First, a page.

It was the usual frozen scene of blinding snow and mountains, devoid of movement, when suddenly a dark shape solidified between the trees. Something dog-sized – no, larger. The wolf’s head hung level with his spine, and his legs were moving loosely, purposefully, following the course of the frozen creek.
“Can I call you back? I just noticed that there’s a wolf walking by,” I hastily interrupted the friend I had been talking to. With only a slight twinge of guilt that I cut her off because of a wolf, I signed out of Skype and ran outside. Easy enough to hook up with my friend again, but rare to have a wolf walk by so closely. Sam rushed outside with me. Animals tend to have an electrifying effect on us.
The dark wolf moved steadily down the creek, away from us, doing nothing more spectacular than putting one paw in front of the other, seemingly lost in thought. A protruding rock outcrop would make him vanish from view soon – too soon for my liking. I suggested to Sam that we howl: maybe it would buy us a few more minutes of wolf watching.
My wolf howl imitations have brought rather mixed results over the years – usually, they remain unanswered. A few times I’ve had a response and once, a wolf pack silently drew closer under the cover of trees, formed a half circle around the dogs and me and then, suddenly, began howling back. Which was rather unnerving at the time since I hadn’t noticed their approach.
But here was the chance to actually watch the reaction of a wolf to our howls. I kept my eyes riveted on the animal as Sam and I took deep breaths and began a soulful wail. The air had barely left our lungs when the wolf stopped in his tracks as if he had hit a brick wall. He spun around and looked in our direction, tense with attention. We stopped our song to give him a chance to answer, but only heard the whining of our dogs back in the cabin.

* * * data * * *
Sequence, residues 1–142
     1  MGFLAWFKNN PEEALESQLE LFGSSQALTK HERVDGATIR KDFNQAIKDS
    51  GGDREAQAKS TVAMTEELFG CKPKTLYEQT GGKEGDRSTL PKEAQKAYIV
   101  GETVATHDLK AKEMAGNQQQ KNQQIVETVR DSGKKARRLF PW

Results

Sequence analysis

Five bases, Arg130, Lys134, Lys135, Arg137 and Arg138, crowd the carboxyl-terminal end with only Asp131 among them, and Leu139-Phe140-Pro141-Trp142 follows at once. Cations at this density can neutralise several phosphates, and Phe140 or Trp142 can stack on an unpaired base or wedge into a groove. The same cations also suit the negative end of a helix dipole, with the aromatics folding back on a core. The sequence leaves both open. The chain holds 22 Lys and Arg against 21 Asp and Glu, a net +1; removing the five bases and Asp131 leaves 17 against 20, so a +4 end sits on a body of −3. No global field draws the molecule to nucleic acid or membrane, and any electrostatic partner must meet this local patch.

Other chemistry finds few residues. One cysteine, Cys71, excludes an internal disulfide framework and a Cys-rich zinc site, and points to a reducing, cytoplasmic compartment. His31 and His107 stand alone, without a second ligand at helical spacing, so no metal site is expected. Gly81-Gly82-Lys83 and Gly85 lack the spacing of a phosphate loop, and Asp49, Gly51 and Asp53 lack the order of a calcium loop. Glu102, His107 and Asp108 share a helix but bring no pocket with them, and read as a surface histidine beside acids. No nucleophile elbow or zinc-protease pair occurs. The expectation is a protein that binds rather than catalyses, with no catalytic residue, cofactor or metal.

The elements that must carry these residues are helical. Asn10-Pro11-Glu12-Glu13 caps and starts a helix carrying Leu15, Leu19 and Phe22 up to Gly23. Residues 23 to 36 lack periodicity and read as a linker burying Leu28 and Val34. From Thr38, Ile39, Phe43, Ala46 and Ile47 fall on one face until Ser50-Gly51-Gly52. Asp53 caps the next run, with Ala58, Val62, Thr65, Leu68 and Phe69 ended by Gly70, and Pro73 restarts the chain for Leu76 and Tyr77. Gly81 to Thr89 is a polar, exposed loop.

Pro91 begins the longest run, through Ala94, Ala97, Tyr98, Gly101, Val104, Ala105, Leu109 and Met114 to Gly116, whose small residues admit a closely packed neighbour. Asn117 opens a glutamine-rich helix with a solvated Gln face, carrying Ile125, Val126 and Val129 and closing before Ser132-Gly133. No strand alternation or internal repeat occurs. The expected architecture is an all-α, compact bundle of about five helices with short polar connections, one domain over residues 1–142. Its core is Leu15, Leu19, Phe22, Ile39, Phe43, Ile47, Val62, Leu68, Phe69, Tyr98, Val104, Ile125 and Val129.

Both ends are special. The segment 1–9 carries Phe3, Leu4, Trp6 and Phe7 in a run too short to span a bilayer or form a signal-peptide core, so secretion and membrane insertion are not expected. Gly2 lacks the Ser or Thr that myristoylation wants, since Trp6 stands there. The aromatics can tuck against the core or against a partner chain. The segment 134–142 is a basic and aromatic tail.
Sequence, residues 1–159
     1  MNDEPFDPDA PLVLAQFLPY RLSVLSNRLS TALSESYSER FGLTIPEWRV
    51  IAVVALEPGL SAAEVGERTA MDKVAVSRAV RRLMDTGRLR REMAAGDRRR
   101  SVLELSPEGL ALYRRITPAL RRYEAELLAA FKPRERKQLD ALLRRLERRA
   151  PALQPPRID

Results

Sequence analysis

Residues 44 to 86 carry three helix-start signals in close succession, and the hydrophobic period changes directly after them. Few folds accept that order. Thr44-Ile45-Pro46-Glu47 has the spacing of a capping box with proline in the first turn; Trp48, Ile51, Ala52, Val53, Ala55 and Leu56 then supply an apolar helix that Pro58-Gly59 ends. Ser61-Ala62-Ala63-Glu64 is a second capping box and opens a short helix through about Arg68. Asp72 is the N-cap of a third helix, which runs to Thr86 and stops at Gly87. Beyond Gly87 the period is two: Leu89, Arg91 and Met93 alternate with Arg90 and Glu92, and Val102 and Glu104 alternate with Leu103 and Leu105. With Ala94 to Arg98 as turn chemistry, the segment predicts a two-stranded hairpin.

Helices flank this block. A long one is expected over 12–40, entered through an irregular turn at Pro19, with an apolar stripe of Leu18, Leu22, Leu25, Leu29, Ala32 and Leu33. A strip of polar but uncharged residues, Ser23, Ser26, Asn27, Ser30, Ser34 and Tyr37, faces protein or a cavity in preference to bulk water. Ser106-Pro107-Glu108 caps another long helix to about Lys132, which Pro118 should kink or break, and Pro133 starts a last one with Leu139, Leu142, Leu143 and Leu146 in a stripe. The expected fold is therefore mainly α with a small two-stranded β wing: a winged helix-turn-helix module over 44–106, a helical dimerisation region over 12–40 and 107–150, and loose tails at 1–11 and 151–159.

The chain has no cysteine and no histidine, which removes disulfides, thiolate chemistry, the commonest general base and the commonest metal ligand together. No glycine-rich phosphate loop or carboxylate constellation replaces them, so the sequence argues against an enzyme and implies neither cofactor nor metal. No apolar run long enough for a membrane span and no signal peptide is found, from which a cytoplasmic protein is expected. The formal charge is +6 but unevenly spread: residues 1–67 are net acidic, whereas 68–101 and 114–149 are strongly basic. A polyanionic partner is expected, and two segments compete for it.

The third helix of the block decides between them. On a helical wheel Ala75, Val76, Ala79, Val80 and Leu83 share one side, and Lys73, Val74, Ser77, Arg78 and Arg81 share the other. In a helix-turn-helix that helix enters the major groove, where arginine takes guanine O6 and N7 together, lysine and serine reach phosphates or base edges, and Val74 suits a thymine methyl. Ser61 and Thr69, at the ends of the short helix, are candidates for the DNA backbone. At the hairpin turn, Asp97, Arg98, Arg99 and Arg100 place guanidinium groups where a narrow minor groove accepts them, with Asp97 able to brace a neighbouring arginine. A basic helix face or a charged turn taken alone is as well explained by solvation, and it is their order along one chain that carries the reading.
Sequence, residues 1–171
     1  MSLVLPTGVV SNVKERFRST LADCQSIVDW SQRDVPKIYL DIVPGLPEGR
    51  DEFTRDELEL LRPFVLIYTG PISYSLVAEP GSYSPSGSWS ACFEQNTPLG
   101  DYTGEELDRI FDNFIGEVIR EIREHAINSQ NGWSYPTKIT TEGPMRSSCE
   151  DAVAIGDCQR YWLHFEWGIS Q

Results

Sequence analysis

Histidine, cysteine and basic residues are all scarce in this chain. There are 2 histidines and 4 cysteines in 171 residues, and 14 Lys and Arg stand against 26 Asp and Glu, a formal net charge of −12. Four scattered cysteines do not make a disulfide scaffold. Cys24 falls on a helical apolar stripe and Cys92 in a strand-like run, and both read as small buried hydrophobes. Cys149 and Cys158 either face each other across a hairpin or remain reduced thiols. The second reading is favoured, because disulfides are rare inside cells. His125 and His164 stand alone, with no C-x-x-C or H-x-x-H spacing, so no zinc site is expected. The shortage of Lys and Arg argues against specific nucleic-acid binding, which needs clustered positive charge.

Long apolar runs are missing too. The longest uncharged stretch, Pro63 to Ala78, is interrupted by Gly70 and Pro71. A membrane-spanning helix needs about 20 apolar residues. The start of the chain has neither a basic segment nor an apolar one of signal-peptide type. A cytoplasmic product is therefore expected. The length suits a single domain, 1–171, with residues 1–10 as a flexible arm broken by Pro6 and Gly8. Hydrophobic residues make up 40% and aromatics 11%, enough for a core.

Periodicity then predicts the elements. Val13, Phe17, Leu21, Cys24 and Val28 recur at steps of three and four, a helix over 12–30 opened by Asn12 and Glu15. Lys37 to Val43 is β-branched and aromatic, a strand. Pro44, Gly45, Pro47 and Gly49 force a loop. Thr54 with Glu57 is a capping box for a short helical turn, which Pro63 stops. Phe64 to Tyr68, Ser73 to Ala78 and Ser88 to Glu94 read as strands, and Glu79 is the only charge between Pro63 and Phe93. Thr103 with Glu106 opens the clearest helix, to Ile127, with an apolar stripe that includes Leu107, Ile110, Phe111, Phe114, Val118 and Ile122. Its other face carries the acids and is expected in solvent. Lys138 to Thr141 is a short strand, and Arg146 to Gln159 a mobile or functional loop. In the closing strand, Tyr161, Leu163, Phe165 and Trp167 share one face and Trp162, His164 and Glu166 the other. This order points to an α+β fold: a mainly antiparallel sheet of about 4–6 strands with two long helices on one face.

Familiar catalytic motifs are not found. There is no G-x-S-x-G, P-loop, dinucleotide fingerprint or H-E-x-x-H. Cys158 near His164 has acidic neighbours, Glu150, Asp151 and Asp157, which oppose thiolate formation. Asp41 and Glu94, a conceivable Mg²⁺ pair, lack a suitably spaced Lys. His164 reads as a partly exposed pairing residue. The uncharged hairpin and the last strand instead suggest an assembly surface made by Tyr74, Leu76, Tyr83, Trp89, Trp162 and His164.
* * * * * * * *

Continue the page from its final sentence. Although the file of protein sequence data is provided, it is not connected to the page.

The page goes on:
The wolf waited a few more seconds, then hesitantly turned to continue on his way. We howled again and watched the animal stop, turn around and slowly sit down, facing us. Elated, I elbowed Sam and continued with our song. Thrilled as I was by our wolf audience of one, we still didn’t manage to get a response other than the doggie ululations from inside the cabin. Eventually, Sam and I ran out of melodies. The dog choir petered out not long after and the wolf, after waiting politely for another encore, eventually rose, turned, and after one last look over his shoulder, vanished around the rock outcrop.
I sighed, still excited at having held the wolf’s attention and at the same time disappointed that it hadn’t lasted longer. The scenery lay as motionless as before, proof of the wolf’s existence limited to his tracks in the snow. It reminded me of the children’s game where your friends try to rush up to you while your back is turned. You feel the commotion behind you but in the moment you turn, everybody freezes.
As I walked to the cabin to call my friend back, the slight feeling of guilt returned. It comes and goes and is rooted in the awareness that we are incredibly lucky to live like this. My friend, a single mom, had been telling me how much she’d like to just take a short time off from her life, to find a bit of peace and quiet.
I turned on the computer and thought about how today, I had fed and watered the chickens, hauled two buckets of water, gone for a three-hour walk with Sam and the dogs. After lunch, we went to cut firewood for a bit over an hour. Then I had started the bread dough before logging on to Skype and having the call interrupted by the wolf. I sang to a wolf and later on, I’d write my column. What a life.
Then again, I consoled myself, there’s the hand laundry, the backbreaking aspect of water and wood hauling, and … probably a host of other detrimental factors that I don’t notice anymore. They slip away so easily out here, get swallowed up by the landscape like the wolf.
Lisa Hasselbring is a writer who lives at the headwaters of the Yukon River south of Whitehorse.